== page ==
The Essentials of Paying for College
When students transition from high school to college, they start to take on more of the trappings of adult life. They’ll be able to get up when they want, go to class when they want and eat pizza and mac and cheese for every meal, if they really want. But students in college are also expected to manage money like an adult, and to make good decisions that could help them succeed in the future. Unfortunately, when it comes to properly managing college finances, some students are far behind the curve.
A 2011 study by Charles Schwab (as reported by U.S. News and World Report) suggests that the majority of high school students want to learn more about money management, so they can track their expenses more effectively.
Unfortunately, it seems that few students get this kind of education, as many of them experience financial difficulties during their time in school and in the years that follow.
14.7 percent of students with educational debt defaulted on their student loans within the first 3 years of repayment. Source: U.S. Education Department, as reported by Bloomberg.
Students want to learn, and they certainly need to learn, so wouldn’t it be reasonable to expect their high schools to pick up the slack and promote financial literacy? In a perfect world, that’d be true, but unfortunately, few institutions offer, or are able to offer, that sort of education.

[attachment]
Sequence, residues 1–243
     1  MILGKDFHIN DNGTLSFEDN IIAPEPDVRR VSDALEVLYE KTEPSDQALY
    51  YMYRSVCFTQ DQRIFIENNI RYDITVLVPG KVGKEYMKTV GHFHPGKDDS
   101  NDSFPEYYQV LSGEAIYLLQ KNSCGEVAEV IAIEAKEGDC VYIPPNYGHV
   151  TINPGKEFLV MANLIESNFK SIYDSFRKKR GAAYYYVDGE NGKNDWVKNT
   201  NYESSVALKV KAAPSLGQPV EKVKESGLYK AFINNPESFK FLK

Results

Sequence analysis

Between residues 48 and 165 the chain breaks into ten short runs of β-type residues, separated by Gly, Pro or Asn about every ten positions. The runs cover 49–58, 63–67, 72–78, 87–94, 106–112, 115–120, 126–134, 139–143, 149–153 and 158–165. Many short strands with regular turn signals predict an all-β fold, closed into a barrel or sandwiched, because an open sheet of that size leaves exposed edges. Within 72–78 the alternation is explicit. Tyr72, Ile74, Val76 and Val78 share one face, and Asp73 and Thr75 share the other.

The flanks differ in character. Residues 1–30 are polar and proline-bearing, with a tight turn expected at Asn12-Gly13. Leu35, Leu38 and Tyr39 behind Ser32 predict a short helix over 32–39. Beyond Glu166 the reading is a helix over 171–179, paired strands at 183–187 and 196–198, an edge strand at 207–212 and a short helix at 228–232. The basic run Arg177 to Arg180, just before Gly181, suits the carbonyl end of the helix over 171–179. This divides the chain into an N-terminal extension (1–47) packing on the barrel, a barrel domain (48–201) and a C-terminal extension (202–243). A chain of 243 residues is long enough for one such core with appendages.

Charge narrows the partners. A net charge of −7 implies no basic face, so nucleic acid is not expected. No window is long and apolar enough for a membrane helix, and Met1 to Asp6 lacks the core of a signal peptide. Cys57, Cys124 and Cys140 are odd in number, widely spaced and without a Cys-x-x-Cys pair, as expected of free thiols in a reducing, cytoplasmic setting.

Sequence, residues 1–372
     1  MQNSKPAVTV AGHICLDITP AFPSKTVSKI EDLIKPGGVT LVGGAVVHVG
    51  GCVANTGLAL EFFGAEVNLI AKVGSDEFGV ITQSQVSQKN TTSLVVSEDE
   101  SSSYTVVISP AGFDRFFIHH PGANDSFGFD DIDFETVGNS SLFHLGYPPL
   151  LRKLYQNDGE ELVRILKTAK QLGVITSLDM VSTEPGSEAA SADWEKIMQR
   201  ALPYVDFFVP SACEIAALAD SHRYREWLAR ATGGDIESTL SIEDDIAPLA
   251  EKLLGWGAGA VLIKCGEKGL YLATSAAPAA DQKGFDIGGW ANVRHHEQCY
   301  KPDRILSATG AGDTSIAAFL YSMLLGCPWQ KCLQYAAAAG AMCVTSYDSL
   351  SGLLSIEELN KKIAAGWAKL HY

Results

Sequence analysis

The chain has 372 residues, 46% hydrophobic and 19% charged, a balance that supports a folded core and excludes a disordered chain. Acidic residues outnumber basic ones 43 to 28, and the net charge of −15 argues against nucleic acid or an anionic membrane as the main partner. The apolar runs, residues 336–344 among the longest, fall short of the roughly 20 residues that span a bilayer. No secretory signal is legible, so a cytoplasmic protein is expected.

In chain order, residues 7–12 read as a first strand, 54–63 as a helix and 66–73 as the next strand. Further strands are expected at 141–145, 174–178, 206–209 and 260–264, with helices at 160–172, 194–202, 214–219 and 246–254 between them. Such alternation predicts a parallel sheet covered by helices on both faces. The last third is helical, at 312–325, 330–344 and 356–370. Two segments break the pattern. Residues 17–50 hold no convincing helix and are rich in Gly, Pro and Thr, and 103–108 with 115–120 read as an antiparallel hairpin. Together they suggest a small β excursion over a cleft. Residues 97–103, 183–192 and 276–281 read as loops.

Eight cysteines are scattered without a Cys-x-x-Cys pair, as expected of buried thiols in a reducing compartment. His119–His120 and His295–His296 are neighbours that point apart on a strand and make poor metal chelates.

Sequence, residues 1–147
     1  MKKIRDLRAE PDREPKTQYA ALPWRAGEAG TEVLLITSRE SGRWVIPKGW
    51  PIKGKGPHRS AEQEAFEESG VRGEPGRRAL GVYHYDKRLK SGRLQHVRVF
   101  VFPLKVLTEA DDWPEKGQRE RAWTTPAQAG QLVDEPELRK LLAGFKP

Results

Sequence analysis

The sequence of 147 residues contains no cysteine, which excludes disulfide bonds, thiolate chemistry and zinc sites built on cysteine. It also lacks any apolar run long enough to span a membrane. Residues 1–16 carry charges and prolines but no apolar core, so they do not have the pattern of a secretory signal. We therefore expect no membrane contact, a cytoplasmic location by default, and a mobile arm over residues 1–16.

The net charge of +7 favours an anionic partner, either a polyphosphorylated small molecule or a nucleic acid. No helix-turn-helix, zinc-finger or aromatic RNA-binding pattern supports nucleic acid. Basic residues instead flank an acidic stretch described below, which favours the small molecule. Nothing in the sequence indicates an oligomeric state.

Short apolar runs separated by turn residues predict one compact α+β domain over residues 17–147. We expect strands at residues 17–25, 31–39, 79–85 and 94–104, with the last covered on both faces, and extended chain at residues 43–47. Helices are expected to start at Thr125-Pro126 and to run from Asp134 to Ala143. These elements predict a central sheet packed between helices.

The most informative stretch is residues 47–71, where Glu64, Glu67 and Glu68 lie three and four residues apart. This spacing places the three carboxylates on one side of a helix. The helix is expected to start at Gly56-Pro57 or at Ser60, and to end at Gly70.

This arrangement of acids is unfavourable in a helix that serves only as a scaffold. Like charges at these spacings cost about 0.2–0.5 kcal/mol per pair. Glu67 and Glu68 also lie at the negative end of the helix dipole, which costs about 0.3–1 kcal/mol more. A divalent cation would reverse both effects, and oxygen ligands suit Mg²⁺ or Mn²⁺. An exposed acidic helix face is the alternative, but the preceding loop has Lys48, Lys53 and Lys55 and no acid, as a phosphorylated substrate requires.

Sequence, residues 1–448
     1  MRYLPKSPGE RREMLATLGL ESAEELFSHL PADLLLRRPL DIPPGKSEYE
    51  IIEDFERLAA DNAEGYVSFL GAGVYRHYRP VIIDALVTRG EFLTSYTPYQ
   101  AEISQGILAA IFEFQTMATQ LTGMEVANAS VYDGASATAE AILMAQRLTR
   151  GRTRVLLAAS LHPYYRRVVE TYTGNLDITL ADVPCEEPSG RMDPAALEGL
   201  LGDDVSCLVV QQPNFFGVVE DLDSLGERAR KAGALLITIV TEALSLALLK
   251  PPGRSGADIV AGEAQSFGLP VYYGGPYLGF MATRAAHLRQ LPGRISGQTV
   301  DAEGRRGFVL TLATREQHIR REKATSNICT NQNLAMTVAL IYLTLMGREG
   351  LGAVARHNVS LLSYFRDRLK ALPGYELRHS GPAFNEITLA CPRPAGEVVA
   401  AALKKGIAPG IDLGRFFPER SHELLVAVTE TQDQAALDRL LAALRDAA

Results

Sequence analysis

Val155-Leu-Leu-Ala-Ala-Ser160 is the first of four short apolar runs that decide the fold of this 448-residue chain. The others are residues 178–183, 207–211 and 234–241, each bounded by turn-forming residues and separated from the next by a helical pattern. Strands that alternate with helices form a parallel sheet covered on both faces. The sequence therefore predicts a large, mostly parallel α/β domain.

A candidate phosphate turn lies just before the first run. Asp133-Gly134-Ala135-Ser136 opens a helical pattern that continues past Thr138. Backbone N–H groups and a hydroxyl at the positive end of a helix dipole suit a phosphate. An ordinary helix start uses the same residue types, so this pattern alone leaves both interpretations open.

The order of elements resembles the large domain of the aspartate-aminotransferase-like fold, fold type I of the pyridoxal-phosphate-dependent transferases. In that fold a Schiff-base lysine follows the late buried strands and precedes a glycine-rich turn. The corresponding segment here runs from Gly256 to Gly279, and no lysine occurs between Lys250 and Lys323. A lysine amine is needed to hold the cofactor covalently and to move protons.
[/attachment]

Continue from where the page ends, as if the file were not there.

Studies like this seem to suggest that parents must teach their children about financial concepts, since it’s unlikely that schools will provide these lessons.
Only 32 percent of households have a monthly budget they follow.
Just 30 percent of households have long-term financial plans in place.
Fewer than half of those with college degrees keep tabs on financial data
Common reason given for budget skipping: the money is spent no matter what
By letting apps lead the way, students may gain control over their expenses and learn more about money management in the future. But there are also some low-tech options available.
Pay all essential bills at the beginning of the month.
Develop a weekly food + transportation budget.
Carry the funds in that budget in cash.
Stop spending when the money runs out.
A system like this keeps students from overspending, and it can result in savings. For example, The Washington Post suggests that businesses are allowed to charge a 4 percent fee on credit card transactions.
Students can also control their finances by looking for ways in which to scrimp and save. Shopping at thrift stores, eating in instead of paying for restaurants and biking instead of driving can all help to make life less expensive. There’s no shame in taking these steps either, as Deals.com survey data reported by AOL suggests that surprisingly wealthy people take steps some might consider thrifty. If you live beneath your financial means, you will only see your net worth grow. Also, shoppers with college degrees are more likely to use coupons.